32.1 Summer/Fall 2019


from Fudekara

Liliana Ponce transl. by Michael Martin Shea

The return trip has a map already. Surviving in sugar waters, in rhythms of algae. / The earth in the hollow is breaking—I knew it instinctively, and in my mind, insects were swarming, traversing the city of your map.


Poetry, Fiction, & Nonfiction

Astros Sign Osuna Despite Local Outrage

Iliana Rocha

It means to want so badly. / How close win is to want is the distance / between his fast ball & her face.

But were it not for the caps lock key [...]

Rachel Z. Arndt

While waiting for the ring I was waiting for his call. And while waiting for his call I was waiting for my finger to heal; the doctor had taken the tip and it had not healed, and then I was putting medicine on it twice a day, covering it with a bandage I had to wait hours to take off, each time.

Perfect Kill

Caroline Sutton

Dragonflies are like Waze. They predict. They don’t chase after mosquitoes, they intercept them, which means they have to calculate the mosquito’s distance, speed, and trajectory. Dragonflies perform these calculations in milliseconds, far faster than Waze, which always takes agonizing seconds to load as it computes the route, average speed of drivers, and quagmires that might await.

Crackhead Clint Will See You Now

Thomas Kearnes

Here it was laid out: we’d tricked with Clint a few times over the years. Sure, he was a geek, but he possessed this obscure magnetism. He was so indelibly himself, we allowed ourselves, when with him, to believe that the established rules of conduct, constraining all men of our tribe, could be ignored.

Salvation

Jonathan Louis Duckworth

Rationalizing didn’t help. No matter how much he told himself that this was a different woman, that it couldn’t be the same widow, he couldn’t escape the gut certainty that she was.

2 Poems

Roger Reeves

And did we come to some conclusion about who set fire to the Master’s House / The autumn-petal of it, swinging flame on the black bough of the sky?

2 Poems

Jane Huffman

I have a worm / beneath my hair — / a future worm, / a nerve / from the eternal / present.

History

Joshua Burton

One night, my father will come home late with a rifle in his hands / yelling “I’m here.” Everyone will laugh. / Every corner of the ocean is the same.

2 Poems

Wendy Xu

And if they’re missing / in inaction, forgive them / Their useless pearls, nouns

The Parable of the Dead Dog

David James Poissant

The story the fiction writer reads is fiction. His wife has never cheated. He has never run over a dog.

The Evangelist

Kathleen Blackburn

I was twelve, with little idea of the drying sediment, the vanishing well, under my feet, though as far as I could tell West Texas was desert. A shrug in the middle of forgotten. At the time, I feared one thing only: Dad would die because of me.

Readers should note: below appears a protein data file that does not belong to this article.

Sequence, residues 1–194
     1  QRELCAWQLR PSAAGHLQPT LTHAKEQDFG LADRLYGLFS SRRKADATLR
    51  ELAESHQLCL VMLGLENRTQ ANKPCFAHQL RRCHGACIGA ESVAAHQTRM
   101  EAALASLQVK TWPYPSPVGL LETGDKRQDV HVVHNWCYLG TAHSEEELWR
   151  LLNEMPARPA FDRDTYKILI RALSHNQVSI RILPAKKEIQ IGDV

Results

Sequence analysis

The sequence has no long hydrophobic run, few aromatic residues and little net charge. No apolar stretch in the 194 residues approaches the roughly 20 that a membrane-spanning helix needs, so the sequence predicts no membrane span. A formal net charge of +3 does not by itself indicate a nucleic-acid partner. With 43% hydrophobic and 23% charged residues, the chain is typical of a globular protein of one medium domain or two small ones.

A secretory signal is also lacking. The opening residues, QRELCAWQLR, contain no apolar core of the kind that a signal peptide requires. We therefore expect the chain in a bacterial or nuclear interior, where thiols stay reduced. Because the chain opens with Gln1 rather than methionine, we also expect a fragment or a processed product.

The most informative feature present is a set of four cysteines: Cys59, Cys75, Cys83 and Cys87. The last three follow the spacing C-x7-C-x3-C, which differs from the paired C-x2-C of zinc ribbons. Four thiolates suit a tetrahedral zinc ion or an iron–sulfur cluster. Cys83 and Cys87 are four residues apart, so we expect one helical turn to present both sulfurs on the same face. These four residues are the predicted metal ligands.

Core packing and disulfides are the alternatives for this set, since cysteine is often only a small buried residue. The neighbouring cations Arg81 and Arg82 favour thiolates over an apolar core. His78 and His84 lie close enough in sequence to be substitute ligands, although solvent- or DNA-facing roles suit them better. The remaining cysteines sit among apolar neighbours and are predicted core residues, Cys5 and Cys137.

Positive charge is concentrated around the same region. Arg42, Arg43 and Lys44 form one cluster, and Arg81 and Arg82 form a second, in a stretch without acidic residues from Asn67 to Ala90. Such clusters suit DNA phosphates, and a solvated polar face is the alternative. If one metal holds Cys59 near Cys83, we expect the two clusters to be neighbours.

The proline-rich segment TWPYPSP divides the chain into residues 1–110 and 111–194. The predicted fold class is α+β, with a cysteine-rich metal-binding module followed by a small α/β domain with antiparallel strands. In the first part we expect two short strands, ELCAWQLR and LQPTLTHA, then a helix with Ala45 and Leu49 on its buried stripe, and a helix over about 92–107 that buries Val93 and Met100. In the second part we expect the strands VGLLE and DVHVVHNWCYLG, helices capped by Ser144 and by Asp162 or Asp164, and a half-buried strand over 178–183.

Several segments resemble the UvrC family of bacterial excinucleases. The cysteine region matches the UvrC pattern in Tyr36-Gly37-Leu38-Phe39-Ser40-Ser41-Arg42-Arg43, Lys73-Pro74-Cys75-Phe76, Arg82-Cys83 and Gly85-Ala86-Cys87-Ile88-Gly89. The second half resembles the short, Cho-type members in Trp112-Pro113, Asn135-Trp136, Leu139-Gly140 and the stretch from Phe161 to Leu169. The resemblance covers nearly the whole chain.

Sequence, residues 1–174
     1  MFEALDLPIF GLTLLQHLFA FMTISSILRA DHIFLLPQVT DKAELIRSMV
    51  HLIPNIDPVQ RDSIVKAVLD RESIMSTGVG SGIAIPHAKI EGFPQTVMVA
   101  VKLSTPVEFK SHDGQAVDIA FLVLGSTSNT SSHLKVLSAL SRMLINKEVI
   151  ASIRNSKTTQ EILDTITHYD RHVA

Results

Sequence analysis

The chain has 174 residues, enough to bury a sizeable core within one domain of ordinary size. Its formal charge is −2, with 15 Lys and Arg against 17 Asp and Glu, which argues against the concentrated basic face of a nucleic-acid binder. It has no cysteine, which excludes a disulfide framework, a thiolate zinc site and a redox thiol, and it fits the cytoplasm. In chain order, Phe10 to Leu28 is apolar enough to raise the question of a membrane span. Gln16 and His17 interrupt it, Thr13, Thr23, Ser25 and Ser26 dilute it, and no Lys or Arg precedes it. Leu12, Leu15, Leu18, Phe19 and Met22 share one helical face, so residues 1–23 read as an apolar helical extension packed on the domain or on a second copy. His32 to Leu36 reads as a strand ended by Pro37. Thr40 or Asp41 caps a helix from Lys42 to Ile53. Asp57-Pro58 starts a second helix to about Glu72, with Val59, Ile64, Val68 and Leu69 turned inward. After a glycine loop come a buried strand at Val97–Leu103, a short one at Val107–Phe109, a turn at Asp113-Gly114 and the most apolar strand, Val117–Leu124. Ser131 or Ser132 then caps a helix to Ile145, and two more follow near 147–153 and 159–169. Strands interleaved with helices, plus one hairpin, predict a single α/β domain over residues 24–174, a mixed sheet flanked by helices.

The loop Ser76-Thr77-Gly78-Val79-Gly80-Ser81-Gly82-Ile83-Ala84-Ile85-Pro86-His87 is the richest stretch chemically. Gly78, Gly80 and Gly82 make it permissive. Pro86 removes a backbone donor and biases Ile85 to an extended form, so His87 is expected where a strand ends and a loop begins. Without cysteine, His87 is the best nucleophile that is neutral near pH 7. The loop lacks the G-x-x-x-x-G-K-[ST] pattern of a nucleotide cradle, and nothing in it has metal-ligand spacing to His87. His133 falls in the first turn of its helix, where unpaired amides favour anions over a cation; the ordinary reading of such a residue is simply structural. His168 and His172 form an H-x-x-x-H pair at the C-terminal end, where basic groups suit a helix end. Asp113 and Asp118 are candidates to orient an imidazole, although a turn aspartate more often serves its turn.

from Fudekara

Liliana Ponce transl. by Michael Martin Shea

The return trip has a map already. Surviving in sugar waters, in rhythms of algae. / The earth in the hollow is breaking—I knew it instinctively, and in my mind, insects were swarming, traversing the city of your map.

Disability Seen Through Photographs, Darkly

Pepper Stetler

The people whom Arbus photographed were probably separated from their families when they were born. Their mothers and fathers were most likely told that they would be too much of a burden to raise. However, none of this is really what we are supposed to be thinking about when viewing the Untitled series. We are told to think about the compositional choices, the lighting, the true talent of Arbus who discovered these subjects.

Hurt Locker

Ernie Wang

How much muscle one carries is the largest determinant of bodybuilding credibility, regardless of the degree of fairness with which it’s constructed, and by this metric, he was the one, not me, with the authority to dispense advice.

Betrayed

Joy Castro

When I first saw the bright gold rip of gas flares against the Corpus night sky from the passenger seat of some guy’s green Datsun—all that oil just rushing incinerated into the air—I said, Damn, don’t they know about global warming?

Cheerio Petals

Amanda Auerbach

The color yellow and the red heart on the box remind me parts / of childhood are nice not / embarrassing. Does that include eating / cheerios with fingers?

Hollow Pockets for Resting

Alicia Mountain

That empty matchbook winter was a new trudge / through short-light afternoons with time to kill.


From the Archives

Silent Guest

Susana Corcuera, trans. Clara Sullivan

Morning comes and he pauses beside my bed. He struggles to breathe, his breath brushing my face. Without opening my eyes, I make a space where he can curl…

Can I Have a Hug First?

Mary Paula Hunter

As a witness should I run to her? Make sure she's not suffering a stroke or an aneurysm? I pictured a headline demanding the whereabouts of a witness who'd left the scene of a potential homicide.

Small Unmanned Aerial Systems

Natalie Scenters-Zapico

With the swivel of a controller / an agent in a room of laced / concrete blocks is haunted / by bovine hitting their bulk // against steel bollards.

Playing in the Institute: on Tag at ICA Philadelphia

C. Klockner

It’s still a question of how queer exhibitions can function within certain institutions without assimilating, without petrifying living works in order to propose additions to “the” hegemonic canon, but Tag proposes ways forward that walk indeterminacy with confidence.